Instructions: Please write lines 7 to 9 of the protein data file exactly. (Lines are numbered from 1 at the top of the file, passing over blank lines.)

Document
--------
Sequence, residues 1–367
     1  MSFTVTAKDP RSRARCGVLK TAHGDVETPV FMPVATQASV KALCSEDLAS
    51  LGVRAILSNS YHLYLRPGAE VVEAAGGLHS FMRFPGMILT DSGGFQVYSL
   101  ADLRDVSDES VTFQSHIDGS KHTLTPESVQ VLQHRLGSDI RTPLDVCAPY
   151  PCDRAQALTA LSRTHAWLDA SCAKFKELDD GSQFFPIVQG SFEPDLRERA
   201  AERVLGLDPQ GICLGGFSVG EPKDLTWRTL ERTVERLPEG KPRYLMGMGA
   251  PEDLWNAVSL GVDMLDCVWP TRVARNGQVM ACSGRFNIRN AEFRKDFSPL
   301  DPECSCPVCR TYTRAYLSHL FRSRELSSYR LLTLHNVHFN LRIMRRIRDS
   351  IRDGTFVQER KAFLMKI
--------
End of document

   251  PEDLWNAVSL GVDMLDCVWP TRVARNGQVM ACSGRFNIRN AEFRKDFSPL
   301  DPECSCPVCR TYTRAYLSHL FRSRELSSYR LLTLHNVHFN LRIMRRIRDS
   351  IRDGTFVQER KAFLMKI